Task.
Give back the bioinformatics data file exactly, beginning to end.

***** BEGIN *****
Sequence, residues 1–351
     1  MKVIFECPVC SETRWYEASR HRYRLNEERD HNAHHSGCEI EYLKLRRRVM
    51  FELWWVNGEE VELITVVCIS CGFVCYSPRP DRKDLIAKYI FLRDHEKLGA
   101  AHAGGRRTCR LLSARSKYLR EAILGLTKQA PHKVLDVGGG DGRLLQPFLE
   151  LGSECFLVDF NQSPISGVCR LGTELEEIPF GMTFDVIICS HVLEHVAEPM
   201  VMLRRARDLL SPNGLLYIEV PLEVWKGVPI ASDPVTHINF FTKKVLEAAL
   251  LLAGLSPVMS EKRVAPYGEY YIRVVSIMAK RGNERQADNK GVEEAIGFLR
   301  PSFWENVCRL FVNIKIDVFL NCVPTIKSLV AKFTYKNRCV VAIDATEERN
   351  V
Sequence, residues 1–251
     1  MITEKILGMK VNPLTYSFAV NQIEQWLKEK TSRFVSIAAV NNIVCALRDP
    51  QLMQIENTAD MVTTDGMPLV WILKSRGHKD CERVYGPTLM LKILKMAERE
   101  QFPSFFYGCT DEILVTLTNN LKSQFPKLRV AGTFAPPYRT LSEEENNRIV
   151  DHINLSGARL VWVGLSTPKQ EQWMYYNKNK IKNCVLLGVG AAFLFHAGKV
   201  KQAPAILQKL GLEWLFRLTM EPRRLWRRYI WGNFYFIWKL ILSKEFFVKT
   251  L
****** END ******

Sequence, residues 1–351
     1  MKVIFECPVC SETRWYEASR HRYRLNEERD HNAHHSGCEI EYLKLRRRVM
    51  FELWWVNGEE VELITVVCIS CGFVCYSPRP DRKDLIAKYI FLRDHEKLGA
   101  AHAGGRRTCR LLSARSKYLR EAILGLTKQA PHKVLDVGGG DGRLLQPFLE
   151  LGSECFLVDF NQSPISGVCR LGTELEEIPF GMTFDVIICS HVLEHVAEPM
   201  VMLRRARDLL SPNGLLYIEV PLEVWKGVPI ASDPVTHINF FTKKVLEAAL
   251  LLAGLSPVMS EKRVAPYGEY YIRVVSIMAK RGNERQADNK GVEEAIGFLR
   301  PSFWENVCRL FVNIKIDVFL NCVPTIKSLV AKFTYKNRCV VAIDATEERN
   351  V
Sequence, residues 1–251
     1  MITEKILGMK VNPLTYSFAV NQIEQWLKEK TSRFVSIAAV NNIVCALRDP
    51  QLMQIENTAD MVTTDGMPLV WILKSRGHKD CERVYGPTLM LKILKMAERE
   101  QFPSFFYGCT DEILVTLTNN LKSQFPKLRV AGTFAPPYRT LSEEENNRIV
   151  DHINLSGARL VWVGLSTPKQ EQWMYYNKNK IKNCVLLGVG AAFLFHAGKV
   201  KQAPAILQKL GLEWLFRLTM EPRRLWRRYI WGNFYFIWKL ILSKEFFVKT
   251  L